By Simon Basketter
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Lawrence report exposes rotten heart of Met police

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Issue 2394
A memorial to Stephen Lawrence on Well Hall Road after two of his killers were convicted
A memorial to Stephen Lawrence on Well Hall Road after two of his killers were convicted (Pic: Darryl_SE7/flickr)

A review into police corruption in the original Stephen Lawrence murder investigation has put the establishment into crisis management mode.

Home secretary Theresa May promised a shiny new public inquiry into the role of undercover cops.

A report by Mark Ellison into the actions of the Special Demonstration Squad (SDS) in the Lawrence case revealed that it had placed a “spy in the camp” of the murdered black teenager’s family. 

Information gathered by that spy was fed back to the highest parts of Scotland Yard. 

Doreen Lawrence, Stephen’s mother, said, “This is the final nail in the coffin. You can’t trust them. Still to this day.” 

Stephen was murdered by a racist gang in Eltham, south east London, in April 1993. A group of men were identified as suspects within hours, but it took 18 years for the Met to bring two of them to justice.

The Macpherson report, published after a public inquiry in 1998, said that the Met’s approach to the investigation had been hampered because the force was “institutionally racist”.

Ellison’s review of the case found that the Met had withheld key material from the Macpherson inquiry team.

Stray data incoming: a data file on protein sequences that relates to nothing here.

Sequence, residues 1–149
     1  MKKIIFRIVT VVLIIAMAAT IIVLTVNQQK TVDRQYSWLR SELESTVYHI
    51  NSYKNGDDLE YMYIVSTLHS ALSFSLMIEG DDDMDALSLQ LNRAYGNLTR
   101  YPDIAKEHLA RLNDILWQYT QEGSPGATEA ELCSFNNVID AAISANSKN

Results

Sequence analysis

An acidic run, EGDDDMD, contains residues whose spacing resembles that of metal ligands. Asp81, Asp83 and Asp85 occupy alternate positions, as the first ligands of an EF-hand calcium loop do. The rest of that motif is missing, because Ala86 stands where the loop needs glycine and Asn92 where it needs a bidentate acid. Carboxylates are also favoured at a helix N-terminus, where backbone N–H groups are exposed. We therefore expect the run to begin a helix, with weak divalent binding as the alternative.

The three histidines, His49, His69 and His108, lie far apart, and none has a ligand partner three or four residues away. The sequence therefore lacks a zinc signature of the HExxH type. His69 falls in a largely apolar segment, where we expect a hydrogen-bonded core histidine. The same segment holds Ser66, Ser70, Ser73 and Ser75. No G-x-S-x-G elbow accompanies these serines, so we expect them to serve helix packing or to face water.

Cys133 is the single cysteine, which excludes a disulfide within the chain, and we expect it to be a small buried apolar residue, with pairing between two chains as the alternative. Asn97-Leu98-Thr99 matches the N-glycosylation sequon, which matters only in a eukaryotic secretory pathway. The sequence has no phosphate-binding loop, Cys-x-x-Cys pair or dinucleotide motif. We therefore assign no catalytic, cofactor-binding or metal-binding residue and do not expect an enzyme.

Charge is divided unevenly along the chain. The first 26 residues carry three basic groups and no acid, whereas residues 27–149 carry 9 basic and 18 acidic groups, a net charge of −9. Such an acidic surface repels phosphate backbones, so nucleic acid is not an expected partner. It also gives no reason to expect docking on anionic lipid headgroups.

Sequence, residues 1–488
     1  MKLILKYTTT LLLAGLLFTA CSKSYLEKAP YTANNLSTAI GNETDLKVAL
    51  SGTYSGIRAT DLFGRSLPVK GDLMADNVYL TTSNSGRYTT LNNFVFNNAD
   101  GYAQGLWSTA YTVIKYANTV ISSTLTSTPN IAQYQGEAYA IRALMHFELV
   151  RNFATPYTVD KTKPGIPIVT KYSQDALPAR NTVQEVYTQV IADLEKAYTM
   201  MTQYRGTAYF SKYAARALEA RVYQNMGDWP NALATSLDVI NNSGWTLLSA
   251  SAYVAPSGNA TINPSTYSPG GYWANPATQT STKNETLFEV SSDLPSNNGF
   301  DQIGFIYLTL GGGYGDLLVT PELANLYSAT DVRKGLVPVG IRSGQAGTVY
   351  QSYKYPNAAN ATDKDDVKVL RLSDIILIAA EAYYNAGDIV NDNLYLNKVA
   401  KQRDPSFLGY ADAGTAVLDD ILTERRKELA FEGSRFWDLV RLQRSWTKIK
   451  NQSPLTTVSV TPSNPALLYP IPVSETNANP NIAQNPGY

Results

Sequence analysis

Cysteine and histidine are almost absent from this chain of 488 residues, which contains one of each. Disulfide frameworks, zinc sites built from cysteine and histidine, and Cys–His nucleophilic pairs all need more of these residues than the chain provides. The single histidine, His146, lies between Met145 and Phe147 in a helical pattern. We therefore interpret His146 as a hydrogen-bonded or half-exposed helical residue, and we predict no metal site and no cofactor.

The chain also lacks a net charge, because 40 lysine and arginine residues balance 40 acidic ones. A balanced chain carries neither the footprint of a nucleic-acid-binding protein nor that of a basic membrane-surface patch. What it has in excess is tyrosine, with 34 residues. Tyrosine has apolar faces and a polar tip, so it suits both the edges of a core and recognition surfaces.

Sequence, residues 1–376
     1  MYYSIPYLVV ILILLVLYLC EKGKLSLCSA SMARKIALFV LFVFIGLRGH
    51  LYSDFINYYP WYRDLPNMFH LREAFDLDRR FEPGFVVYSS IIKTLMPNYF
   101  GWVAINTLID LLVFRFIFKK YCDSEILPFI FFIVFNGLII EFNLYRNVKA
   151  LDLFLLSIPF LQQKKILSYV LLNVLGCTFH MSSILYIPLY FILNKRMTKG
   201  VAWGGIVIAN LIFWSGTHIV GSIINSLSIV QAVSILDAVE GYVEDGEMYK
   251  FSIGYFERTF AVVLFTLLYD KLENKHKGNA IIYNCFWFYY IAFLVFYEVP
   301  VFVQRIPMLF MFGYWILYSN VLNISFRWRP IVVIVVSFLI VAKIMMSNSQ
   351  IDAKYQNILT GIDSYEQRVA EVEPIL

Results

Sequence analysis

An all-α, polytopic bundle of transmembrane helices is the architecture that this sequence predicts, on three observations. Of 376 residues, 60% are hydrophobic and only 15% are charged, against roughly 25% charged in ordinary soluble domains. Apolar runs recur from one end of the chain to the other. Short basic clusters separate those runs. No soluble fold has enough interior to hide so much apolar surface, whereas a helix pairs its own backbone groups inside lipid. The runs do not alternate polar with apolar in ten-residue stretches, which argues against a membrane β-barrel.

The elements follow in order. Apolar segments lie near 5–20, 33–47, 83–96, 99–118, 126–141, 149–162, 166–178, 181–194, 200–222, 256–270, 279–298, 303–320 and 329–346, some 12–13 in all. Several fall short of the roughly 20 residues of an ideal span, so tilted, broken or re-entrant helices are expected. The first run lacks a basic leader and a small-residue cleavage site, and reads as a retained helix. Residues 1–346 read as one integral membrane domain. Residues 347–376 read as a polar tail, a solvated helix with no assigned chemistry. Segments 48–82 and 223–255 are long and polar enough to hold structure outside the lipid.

As late as May 2012 the Met was reassuring the Lawrence family that a new review had found no evidence of corrupt behaviour and that all the intelligence had been re-examined. 

There was no hint that it had been lost or destroyed. 

But Ellison found that:

  • An undercover cop, known as N81, was embedded in a unnamed activist group allied to the Lawrence family campaign and had meetings with a member of the Scotland Yard team at the Macpherson inquiry. 
  • Senior police showed indignation and hostility towards the family’s criticisms of the murder investigation. For instance, on 8 September 1993 the police note, “Our patience is wearing thin not only with the Lawrence family and their representatives but also with self-appointed public and media commentators.” 
  • There were reasonable grounds to suspect that detective sergeant John Davidson on the murder team was corrupt and had links to a key suspect’s father.
  • Intelligence relating to Davidson was withheld from the Met’s directorate of legal affairs and treated with “near to absolute secrecy”.

Former SDS officer Peter Francis said he had been deployed undercover from September 1993 and tasked to find any intelligence that might be used to “smear” or undermine the Lawrence family campaign.

The SDS used the identities of dead children and formed sexual relationships with activists to get information.

Cops trawled through photo and video evidence of a demo against the Nazi British National Party (BNP) headquarters for days in order to find Stephen’s friend Duwayne Brooks. 

This led to him being arrested and charged in October 1993. A judge threw out the case.

The report describes how the Met’s review of corruption, published on current Met boss Bernard Hogan-Howe’s watch in 2012, failed to disclose surviving records or the fact that nearly all its files had been secretly shredded in 2003. 

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